Mark Cuban, the wildly successful entrepreneur, charming host of CNBC’s “Shark Tank,” and owner of the Dallas Mavericks is no shrinking violet. Mr. Cuban has an opinion on, well, everything. College? He’s against it. NBA officiating? It stinks. President Donald Trump? He’s awful.
Yet when it comes to a matter rather close to Mr. Cuban’s own interests — the brouhaha involving another Texan NBA team, the Houston Rockets, the People’s Republic of China, and the mistreatment of Rockets’ general manager Daryl Morey — he has uncharacteristically clammed up. His usually prolific Twitter feed has gone silent and he’s made no public statements on the matter.
That reticence continued Tuesday evening. Reached via his personal email account, Mr. Cuban would only tell the Washington Times, “‘ll refer you to Adam silvers [sic] comments.” NBA Commissioner Silver released a statement earlier this week declaring that “we have seen how basketball can be an important form of people-to-people exchange that deepens ties between the United States and China.”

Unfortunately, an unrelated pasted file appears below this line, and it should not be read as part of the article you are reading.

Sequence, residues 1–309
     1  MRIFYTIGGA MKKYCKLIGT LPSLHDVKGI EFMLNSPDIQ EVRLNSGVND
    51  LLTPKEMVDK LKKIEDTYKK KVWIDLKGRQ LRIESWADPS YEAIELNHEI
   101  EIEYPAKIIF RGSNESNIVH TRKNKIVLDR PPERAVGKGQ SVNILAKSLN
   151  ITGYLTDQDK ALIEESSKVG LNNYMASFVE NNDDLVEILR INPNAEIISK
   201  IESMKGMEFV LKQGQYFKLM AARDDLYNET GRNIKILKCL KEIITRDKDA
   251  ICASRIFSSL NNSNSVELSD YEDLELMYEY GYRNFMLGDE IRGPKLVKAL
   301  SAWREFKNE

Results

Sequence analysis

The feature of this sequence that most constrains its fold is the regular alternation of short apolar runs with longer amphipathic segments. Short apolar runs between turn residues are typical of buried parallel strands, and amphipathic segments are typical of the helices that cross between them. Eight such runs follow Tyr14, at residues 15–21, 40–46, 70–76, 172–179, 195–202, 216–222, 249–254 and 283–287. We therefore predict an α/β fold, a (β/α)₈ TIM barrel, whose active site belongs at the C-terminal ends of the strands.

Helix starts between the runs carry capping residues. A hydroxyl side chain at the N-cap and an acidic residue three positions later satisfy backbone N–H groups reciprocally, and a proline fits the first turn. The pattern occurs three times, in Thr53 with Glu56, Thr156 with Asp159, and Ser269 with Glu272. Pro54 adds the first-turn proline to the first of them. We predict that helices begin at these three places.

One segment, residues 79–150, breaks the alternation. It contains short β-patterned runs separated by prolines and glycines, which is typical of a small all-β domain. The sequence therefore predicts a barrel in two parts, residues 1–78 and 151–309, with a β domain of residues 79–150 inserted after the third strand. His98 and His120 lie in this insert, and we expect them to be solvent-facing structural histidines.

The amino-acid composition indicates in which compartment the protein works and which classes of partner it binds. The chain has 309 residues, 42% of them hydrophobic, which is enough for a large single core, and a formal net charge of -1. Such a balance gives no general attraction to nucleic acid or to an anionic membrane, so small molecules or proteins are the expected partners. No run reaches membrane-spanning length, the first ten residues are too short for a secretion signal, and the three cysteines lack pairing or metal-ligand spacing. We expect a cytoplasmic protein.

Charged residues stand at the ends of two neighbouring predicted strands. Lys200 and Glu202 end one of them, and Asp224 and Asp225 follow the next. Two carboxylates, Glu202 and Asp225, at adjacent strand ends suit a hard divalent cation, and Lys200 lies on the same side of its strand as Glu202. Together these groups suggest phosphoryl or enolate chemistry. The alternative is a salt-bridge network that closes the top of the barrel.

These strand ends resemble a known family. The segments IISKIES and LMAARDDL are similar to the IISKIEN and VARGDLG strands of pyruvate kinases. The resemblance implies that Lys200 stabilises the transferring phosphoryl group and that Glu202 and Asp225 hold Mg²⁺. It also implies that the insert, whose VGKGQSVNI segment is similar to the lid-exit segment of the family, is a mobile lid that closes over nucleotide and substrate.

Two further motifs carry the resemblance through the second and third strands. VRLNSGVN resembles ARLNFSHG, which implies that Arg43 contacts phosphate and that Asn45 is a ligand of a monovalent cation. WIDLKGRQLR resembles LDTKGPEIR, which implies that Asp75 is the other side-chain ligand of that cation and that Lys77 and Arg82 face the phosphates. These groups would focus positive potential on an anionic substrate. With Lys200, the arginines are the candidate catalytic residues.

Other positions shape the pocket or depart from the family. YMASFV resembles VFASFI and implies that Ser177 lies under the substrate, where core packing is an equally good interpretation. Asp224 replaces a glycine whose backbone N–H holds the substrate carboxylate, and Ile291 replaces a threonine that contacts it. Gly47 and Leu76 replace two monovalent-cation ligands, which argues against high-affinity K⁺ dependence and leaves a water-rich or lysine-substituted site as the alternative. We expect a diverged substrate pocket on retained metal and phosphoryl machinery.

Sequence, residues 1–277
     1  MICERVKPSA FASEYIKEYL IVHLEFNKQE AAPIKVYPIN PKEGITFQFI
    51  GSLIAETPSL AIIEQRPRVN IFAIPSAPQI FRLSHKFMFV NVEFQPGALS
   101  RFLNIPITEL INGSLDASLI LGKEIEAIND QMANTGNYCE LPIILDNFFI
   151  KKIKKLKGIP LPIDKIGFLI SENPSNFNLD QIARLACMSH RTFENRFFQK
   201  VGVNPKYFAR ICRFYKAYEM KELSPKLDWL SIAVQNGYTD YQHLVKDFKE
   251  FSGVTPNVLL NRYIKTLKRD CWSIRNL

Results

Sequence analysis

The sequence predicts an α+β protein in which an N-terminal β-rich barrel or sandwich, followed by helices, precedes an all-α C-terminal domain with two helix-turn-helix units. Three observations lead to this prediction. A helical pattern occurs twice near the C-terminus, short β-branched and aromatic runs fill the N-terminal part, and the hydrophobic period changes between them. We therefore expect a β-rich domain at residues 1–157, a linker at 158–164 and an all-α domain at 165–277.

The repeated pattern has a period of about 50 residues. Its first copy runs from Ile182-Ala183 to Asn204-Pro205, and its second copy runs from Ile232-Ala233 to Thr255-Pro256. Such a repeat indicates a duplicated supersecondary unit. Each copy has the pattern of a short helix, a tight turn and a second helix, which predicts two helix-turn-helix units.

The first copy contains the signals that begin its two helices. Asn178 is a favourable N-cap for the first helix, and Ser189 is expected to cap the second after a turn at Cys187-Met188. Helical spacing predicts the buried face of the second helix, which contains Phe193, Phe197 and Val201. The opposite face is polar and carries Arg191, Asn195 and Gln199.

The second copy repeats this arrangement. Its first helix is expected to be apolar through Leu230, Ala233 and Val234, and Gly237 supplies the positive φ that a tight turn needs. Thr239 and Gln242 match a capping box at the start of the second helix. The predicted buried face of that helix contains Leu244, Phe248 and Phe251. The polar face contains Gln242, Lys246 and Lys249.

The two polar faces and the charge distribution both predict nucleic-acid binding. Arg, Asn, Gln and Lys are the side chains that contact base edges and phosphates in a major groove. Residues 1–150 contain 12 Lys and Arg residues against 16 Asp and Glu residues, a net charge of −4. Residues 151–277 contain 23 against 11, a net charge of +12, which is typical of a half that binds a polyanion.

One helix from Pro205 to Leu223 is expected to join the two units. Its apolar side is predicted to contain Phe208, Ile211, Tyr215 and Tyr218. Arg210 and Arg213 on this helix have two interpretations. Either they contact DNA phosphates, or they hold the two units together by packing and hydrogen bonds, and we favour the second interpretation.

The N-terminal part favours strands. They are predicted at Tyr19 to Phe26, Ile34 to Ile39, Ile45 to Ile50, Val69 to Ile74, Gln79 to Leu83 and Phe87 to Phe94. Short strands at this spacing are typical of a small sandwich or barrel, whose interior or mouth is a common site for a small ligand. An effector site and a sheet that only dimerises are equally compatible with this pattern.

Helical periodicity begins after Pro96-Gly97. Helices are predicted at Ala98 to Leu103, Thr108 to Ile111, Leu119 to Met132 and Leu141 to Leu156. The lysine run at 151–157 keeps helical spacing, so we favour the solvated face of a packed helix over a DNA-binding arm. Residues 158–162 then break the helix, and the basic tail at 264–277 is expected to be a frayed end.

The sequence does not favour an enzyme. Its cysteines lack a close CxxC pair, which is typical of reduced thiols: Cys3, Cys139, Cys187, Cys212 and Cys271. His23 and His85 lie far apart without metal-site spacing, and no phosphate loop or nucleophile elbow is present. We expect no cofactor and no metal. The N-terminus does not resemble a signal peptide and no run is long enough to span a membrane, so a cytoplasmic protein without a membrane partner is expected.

Of course, Mark Cuban is hardly the only usually chatty NBA figure to go uncharacteristically silent on the China issue. Steve Kerr, the Warriors coach whose postgame press conferences tend to dwell more on politics than rebounds and the pick and roll, has evinced complete ignorance on the matter. LeBron James, the wildly talented forward for the Lakers who never shies from politics, has gone silent.
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